Developing biorobotics for veterinary research into cat movements

Description: Collaboration between veterinarians and other professionals such as engineers and computer scientists will become important in biorobotics for both scientific achievements and the protection of animal welfare. Particularly, cats have not yet become a significant source of inspiration for new technologies in robotics. This article suggests a novel approach for the investigation of particular aspects of cat morphology, neurophysiology, and behavior aimed at bridging this gap by focusing on the versatile, powerful locomotion abilities of cats and implementing a robotic tool for the measurements of biological parameters of animals and building cat-inspired robotic prototypes. The presented framework suggests the basis for the development of novel hypotheses and models describing biomechanics, locomotion, balancing system, visual perception, as well as learning and adaption of cat motor skills and behavior. In subsequent work, the resulting models will be tested and evaluated in simulated and real experiments and validated with specific experimental data gathered from cats. This methodology has application in several areas including dynamic models and artificial vision systems. From an ethical point of view, this approach is in line with the 3R principles: the detailed and integrated systems will allow us to study a small number of cats (reduction) for the implementation of noninvasive tools such as electromyography and gaze analysis (refinement), which will make the construction of a substitute to experiments on living cats (replacement) easier. For instance, bioinspired prototypes could be used to test how specific visual and physical impairment in cats (up to partial or total blindness, loss of a leg, and so forth) change their walking and jumping abilities. This modus operandi may pave the way for a new generation of research in the veterinary field. Moreover, the measurement tools to be developed will constitute an achievement per se as for the first time visual, muscular, and gait analysis of cats will be integrated, and this will help to improve the rehabilitation procedures for cats and other nonhuman animals.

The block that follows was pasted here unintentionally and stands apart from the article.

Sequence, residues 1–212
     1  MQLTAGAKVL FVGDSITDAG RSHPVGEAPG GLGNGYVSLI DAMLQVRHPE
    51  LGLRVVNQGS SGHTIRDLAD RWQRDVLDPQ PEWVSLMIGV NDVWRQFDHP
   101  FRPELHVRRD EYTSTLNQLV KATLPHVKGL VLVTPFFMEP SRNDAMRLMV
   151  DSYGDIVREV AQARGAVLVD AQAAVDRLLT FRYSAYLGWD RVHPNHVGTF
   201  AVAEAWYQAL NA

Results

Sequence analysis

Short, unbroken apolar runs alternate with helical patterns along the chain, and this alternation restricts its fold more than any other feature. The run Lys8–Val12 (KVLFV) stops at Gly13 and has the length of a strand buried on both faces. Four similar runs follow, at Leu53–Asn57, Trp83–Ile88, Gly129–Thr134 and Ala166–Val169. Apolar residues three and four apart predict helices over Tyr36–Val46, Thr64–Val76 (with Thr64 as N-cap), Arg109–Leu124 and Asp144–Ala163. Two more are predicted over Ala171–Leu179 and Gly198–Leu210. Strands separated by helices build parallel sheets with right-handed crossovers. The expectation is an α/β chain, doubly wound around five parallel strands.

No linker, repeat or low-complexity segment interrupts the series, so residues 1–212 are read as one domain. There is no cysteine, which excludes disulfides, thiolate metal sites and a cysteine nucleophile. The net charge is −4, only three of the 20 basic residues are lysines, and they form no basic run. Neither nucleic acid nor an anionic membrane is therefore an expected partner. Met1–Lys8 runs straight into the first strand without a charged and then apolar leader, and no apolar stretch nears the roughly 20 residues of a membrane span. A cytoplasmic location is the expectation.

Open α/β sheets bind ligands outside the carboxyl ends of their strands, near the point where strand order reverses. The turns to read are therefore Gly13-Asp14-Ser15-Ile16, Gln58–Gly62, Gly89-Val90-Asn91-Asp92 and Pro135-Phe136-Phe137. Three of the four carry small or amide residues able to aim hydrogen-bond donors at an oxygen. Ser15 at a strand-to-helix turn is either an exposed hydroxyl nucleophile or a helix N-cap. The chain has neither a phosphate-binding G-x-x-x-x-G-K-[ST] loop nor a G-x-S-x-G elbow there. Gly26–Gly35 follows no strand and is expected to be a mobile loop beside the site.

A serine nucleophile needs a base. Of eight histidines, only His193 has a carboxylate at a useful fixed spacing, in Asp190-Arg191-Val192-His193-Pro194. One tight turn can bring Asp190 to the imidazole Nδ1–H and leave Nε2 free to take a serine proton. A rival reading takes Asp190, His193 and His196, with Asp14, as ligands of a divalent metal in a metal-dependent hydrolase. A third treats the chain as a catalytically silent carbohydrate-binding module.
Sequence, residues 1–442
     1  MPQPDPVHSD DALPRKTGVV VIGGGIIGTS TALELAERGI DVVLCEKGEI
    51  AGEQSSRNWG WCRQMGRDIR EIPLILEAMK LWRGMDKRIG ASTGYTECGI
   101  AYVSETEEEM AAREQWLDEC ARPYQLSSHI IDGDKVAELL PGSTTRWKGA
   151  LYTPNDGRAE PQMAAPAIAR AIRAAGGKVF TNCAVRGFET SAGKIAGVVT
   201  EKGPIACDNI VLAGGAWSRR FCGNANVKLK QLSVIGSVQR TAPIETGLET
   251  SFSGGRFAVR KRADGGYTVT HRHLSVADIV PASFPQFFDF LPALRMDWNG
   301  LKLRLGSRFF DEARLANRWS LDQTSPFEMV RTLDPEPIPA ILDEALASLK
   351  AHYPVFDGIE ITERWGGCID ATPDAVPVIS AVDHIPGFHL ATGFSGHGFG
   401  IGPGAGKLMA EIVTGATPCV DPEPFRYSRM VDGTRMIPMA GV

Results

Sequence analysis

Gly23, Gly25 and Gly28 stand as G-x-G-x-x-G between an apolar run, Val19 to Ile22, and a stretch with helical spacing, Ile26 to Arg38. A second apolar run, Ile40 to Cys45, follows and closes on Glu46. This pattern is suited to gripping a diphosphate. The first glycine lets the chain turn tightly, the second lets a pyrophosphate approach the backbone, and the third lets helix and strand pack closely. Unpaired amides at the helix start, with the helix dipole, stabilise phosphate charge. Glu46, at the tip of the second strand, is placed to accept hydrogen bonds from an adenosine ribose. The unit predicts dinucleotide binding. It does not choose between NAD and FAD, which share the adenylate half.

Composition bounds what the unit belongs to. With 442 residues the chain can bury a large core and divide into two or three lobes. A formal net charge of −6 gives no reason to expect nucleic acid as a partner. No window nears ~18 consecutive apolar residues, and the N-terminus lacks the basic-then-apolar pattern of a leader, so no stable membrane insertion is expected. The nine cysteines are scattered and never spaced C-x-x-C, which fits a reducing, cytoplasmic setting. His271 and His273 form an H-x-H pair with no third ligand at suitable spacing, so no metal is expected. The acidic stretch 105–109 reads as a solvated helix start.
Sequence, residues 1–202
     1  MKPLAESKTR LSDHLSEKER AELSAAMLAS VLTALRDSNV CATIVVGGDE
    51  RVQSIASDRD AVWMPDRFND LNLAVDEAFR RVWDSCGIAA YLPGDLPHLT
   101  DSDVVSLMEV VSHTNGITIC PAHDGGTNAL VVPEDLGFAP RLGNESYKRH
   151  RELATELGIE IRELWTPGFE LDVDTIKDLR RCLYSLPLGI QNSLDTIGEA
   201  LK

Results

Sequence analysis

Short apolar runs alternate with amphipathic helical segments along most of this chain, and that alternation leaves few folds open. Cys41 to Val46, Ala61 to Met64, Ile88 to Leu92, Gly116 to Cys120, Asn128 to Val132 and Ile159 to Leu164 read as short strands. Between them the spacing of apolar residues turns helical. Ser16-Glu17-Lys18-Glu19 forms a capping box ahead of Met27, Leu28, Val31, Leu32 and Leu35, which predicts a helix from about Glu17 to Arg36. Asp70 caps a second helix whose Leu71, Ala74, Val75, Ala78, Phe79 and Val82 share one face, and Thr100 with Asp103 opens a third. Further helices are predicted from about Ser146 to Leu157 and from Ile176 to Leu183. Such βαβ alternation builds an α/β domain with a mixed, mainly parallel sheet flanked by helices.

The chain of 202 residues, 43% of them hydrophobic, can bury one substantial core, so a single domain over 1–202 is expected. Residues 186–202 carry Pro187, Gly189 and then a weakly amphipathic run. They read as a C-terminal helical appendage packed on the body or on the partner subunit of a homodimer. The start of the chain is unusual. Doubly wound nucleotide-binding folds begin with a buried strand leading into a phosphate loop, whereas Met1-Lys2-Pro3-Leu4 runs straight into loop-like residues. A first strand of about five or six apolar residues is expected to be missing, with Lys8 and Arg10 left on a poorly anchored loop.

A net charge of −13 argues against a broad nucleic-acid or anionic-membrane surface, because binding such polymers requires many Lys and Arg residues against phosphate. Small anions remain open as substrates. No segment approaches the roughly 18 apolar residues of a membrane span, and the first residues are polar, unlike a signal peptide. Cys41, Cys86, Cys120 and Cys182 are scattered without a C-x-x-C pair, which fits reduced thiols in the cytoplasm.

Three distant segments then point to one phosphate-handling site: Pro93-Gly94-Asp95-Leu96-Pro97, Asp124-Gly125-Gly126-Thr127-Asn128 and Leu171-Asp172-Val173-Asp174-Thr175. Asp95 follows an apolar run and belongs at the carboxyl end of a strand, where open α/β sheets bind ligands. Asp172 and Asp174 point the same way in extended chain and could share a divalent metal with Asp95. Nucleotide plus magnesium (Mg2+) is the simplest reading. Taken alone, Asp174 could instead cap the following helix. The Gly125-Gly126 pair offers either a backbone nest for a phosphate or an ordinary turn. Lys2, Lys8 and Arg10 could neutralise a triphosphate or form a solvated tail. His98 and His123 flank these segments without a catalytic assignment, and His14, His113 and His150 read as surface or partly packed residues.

Publication date: 2015/5/1
Editor: Elsevier
Abstract:
Collaboration between veterinarians and other professionals such as engineers and computer scientists will become important in biorobotics for both scientific achievements and the protection of animal welfare. Particularly, cats have not yet become a significant source of inspiration for new technologies in robotics. This article suggests a novel approach for the investigation of particular aspects of cat morphology, neurophysiology, and behavior aimed at bridging this gap by focusing on the versatile, powerful locomotion abilities of cats and implementing a robotic tool for the measurements of biological parameters of animals and building cat-inspired robotic prototypes. The presented framework suggests the basis for the development of novel hypotheses and models describing biomechanics, locomotion, balancing system, visual perception, as well as learning and adaption of cat motor skills and behavior. In subsequent work, the resulting models will be tested and evaluated in simulated and real experiments and validated with specific experimental data gathered from cats. This methodology has application in several areas including dynamic models and artificial vision systems. From an ethical point of view, this approach is in line with the 3R principles: the detailed and integrated systems will allow us to study a small number of cats (reduction) for the implementation of noninvasive tools such as electromyography and gaze analysis (refinement), which will make the construction of a substitute to experiments on living cats (replacement) easier. For instance, bioinspired prototypes could be used to test how specific visual and physical impairment in cats (up to partial or total blindness, loss of a leg, and so forth) change their walking and jumping abilities. This modus operandi may pave the way for a new generation of research in the veterinary field. Moreover, the measurement tools to be developed will constitute an achievement per se as for the first time visual, muscular, and gait analysis of cats will be integrated, and this will help to improve the rehabilitation procedures for cats and other nonhuman animals.

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